alexa Neuromodulation in the Treatment of Epilepsy.


Journal of Neurology & Neurophysiology

Author(s): Nune G, DeGiorgio C, Heck C, Nune G, DeGiorgio C, Heck C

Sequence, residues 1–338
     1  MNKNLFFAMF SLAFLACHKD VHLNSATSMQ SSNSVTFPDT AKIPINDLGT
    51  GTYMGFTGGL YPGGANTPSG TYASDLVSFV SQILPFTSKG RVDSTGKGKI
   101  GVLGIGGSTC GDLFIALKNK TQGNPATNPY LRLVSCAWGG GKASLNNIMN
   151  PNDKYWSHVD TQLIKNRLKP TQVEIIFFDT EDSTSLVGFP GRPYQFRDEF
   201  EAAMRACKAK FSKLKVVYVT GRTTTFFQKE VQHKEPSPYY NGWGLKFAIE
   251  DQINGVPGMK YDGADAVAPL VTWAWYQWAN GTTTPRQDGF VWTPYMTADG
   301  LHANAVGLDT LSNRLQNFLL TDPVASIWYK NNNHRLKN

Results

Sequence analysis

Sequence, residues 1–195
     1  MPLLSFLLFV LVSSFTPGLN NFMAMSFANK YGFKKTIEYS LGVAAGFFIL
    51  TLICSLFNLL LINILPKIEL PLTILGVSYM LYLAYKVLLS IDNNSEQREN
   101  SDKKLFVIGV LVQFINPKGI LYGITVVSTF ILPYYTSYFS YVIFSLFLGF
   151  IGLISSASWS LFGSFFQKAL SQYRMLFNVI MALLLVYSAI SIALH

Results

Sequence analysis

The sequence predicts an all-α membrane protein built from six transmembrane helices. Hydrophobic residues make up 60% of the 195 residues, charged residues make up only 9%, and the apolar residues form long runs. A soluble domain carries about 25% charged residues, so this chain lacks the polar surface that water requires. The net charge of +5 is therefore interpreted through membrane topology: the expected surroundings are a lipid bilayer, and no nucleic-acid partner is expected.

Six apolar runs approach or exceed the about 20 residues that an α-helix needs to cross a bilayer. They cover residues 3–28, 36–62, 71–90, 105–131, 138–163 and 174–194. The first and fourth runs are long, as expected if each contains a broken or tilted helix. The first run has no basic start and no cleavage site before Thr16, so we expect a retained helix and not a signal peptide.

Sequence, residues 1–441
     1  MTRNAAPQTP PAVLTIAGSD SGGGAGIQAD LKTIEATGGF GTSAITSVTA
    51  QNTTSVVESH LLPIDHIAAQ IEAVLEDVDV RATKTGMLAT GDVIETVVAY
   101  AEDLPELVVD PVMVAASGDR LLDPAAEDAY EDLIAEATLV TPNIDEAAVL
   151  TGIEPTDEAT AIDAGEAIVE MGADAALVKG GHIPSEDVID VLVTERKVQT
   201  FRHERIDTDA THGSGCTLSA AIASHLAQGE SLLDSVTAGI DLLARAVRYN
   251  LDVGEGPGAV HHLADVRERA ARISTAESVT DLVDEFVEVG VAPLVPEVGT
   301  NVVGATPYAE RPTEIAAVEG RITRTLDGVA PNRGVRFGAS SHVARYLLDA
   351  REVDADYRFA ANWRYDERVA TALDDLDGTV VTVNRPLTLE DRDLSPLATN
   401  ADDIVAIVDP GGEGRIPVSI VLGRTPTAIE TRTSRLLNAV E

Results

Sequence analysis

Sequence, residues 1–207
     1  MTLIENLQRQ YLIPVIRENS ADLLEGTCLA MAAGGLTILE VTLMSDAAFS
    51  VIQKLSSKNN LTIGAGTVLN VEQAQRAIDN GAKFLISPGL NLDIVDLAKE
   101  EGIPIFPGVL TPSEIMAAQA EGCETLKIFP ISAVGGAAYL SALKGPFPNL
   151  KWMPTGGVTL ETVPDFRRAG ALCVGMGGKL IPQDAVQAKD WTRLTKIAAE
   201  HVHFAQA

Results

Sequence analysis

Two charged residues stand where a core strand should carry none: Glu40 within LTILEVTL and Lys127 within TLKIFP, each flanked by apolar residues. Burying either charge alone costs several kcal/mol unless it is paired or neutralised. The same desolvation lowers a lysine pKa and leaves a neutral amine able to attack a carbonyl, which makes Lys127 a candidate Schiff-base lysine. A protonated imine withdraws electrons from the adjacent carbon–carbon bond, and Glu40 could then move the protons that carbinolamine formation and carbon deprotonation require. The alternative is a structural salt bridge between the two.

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Abstract OPINION STATEMENT: Neuromodulation devices are used in the treatment of medically refractory epilepsy. This has been defined as epilepsy with persistent seizures despite adequate trials of at least two anti-epileptic drugs (AEDs). In most cases of medically refractory partial epilepsy, the first choice of treatment is resective surgery if the seizure focus can be definitively localized and if surgery can be safely performed without causing intolerable neurologic deficits. Patients with medically refractory epilepsy who are not candidates for potentially curative surgery may benefit from the implantation of a neuromodulation device. While most of these devices require surgical implantation, they provide a significant added seizure reduction without typical medication side effects. Furthermore, the efficacy of these devices continues to improve over years. There are currently no head-to-head trials comparing the different neuromodulation devices but efficacy appears to be roughly similar. The choice of device therefore depends on the type of epilepsy, whether the seizure focus can be identified, and other clinical factors. Vagal Nerve Stimulation (VNS) does not require identification of the seizure focus and also carries an FDA indication for depression. While in the United States VNS is only approved for use in partial epilepsy, it is commonly used off-label to treat generalized seizures as well. VNS delivers stimulation on a scheduled basis, in response to patient activation, or in response to heart rate increases serving as a proxy for seizures. Responsive Neurostimulation (RNS) requires the identification of up to two seizure foci and delivers stimulation only in response to the detection of epileptiform activity. While it requires intracranial placement of electrodes, it allows for long-term monitoring of electrographic seizures and may be effective where VNS has not produced an optimal response. Deep brain stimulation of the anterior nucleus of the thalamus is not FDA approved at this time but is available in Europe and many other parts of the world. While it also carries an indication only for partial epilepsy, it does not require identification of the seizure focus and may be particularly helpful for temporal lobe epilepsy. It also appears effective in cases where VNS has not been sufficiently helpful. The Trigeminal Nerve Stimulation (TNS) system is another treatment modality which is not yet FDA approved but is available in Europe and other countries. Its mechanism of action is similar to the VNS system and it also appears to have anti-depression effects in addition to anti-epileptic benefits. However, the most compelling feature of TNS is that it is not implanted but rather applied to the skin with transdermal electrodes, typically at night. This article was published in Curr Treat Options Neurol and referenced in Journal of Neurology & Neurophysiology

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